Can you hear it? That’s the sound of great advertising!

In my previous post (The late great Marx Toys, Part II) I talked about how toys and toy advertising used to give kids a chance to play at being grown-ups. Well, nothing was better than pretending to be a race car driver! Like everyone I knew, my fascination with cars started at an early age. I loved them all – Hot Wheels, Dinky Toys, Matchbox, and of course my favorite … Kenner’s SSP Racers.

There is so much to love about this ad:

Kenner SSP Racers for 1972

The USP (Unique Selling Proposition) of the toy is mentioned right out of the gate – “Can you hear it? I can hear it.” That tell-tale ripping sound of pulling the “t-stick” that launched the racers into motion added to the sensory stimulation of the narrative. Not only did these cars have super rad names like “Detonator,” they looked cool, traveled fast, and crashed spectacularly – they also made a distinctively cool noise! Thanks to “sonic sound” those racers would literally  “howl with power!”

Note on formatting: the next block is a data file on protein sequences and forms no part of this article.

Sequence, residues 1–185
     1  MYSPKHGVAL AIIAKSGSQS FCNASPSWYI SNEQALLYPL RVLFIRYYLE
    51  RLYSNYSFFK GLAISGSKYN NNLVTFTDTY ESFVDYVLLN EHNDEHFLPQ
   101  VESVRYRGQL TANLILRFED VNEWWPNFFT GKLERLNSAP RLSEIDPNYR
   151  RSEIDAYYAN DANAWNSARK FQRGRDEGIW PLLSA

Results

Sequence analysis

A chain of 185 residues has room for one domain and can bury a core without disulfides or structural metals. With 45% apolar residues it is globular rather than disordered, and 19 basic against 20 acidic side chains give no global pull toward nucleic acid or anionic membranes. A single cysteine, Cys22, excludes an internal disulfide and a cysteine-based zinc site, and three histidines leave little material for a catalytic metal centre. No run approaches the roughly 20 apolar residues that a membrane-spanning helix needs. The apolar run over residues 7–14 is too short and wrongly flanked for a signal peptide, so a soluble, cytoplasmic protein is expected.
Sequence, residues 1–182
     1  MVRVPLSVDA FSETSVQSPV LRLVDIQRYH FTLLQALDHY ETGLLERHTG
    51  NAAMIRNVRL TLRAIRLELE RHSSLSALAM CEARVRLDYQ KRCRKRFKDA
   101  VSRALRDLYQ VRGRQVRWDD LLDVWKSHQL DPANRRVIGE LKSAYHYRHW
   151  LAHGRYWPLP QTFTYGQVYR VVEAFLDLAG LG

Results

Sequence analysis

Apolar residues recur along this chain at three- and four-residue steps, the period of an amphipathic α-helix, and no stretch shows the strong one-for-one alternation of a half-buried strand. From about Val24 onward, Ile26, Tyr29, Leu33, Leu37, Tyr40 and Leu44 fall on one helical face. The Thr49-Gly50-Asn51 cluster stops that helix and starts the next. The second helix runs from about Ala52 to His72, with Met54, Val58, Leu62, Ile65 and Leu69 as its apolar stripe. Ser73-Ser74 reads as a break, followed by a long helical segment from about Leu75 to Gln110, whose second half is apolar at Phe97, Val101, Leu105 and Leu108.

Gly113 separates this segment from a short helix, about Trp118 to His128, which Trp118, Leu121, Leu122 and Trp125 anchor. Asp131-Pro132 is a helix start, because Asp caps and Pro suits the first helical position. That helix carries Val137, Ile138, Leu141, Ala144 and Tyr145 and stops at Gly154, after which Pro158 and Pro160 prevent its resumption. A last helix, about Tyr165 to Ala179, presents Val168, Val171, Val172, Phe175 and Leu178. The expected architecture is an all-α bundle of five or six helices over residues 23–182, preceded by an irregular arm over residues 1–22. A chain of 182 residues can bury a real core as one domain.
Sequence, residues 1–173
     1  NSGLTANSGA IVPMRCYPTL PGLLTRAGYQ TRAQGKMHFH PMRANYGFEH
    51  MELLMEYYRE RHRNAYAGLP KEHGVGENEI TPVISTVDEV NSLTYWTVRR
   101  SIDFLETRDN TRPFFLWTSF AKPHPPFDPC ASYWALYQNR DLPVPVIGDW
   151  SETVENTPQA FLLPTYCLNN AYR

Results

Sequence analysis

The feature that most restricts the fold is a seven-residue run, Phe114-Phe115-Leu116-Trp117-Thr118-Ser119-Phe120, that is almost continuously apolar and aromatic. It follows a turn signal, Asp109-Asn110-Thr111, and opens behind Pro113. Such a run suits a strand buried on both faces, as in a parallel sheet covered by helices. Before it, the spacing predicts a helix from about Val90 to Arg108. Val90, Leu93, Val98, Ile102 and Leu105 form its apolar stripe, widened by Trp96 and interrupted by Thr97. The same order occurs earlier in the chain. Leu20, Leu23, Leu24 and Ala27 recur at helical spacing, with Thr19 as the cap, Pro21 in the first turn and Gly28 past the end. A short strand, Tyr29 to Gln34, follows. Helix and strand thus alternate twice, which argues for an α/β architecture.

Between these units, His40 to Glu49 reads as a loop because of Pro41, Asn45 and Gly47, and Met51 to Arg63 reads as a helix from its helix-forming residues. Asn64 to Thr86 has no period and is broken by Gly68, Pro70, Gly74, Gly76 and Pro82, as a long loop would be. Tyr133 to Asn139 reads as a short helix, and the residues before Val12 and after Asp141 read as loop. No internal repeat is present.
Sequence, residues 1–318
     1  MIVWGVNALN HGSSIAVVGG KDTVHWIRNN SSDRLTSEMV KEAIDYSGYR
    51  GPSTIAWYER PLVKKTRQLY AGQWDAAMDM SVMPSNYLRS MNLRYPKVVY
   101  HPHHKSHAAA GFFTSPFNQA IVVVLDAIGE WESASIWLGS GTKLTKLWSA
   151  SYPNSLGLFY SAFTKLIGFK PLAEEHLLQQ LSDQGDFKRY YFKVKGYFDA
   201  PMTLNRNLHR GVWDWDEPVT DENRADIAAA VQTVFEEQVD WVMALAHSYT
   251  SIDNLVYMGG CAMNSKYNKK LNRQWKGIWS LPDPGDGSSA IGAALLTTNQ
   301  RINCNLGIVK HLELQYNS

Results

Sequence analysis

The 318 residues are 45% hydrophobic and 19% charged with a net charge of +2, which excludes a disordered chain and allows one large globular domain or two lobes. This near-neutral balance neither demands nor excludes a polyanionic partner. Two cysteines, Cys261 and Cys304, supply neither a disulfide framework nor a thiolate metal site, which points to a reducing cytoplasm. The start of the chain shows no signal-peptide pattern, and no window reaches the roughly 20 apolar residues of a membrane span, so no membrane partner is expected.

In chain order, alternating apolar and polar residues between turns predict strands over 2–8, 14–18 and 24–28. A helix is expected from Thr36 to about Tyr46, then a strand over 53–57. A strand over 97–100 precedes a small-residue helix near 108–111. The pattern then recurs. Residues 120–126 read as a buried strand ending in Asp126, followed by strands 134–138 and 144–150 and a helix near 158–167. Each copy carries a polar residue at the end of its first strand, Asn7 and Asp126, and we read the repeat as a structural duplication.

We weren’t actually driving those cars but pulling that darn t-stick came pretty close because it gave us the feeling of engagement with the car, beyond just moving it with our hands like every other toy car. And I’m pretty sure every child instinctively knew about that noise would drive their mother crazy!

Also, these cars were advertised just like real cars for grown-ups – “Kenner SSP Racers for ’72.” 

As a kid, I knew from watching grown-up car ads that real grown-up car companies like Ford and Chrysler introduced new models by year too!

Plymouth for 1960
Ford Mustang for 1969
Oldsmobile Toronado for 1972

The Kenner SSP ads operated on 100% pure emotion. We didn’t need or want to hear about the solid construction that would enable the cars to withstand crash after crash, or the affordability or any other boring detail. Watching the ads was almost as much fun as playing with the racers!

Would a car ad today work if it operated the same way, modeled after a toy car commercial. The Toyota Tacoma “As Tough as Chuck Norris” TV spot seems to be trying to do just that:

Toyota Tacoma 2018 “Chuck Norris”

Personally, I think “King Cobra” would have been a more appropriate name than “Tacoma,” a city famous for its Museum of Glass. And perhaps it would have been funnier if it had ended with “each car sold separately.”

If you’re wondering what to get me for Christmas … this Kenner SSP Racer MIB is available on eBay — unused, and an exact duplicate of the Racer I used to beat my brother with in *every single race* 🙂

Kenner SSP Racer MIB
Kenner SSP Racer MIB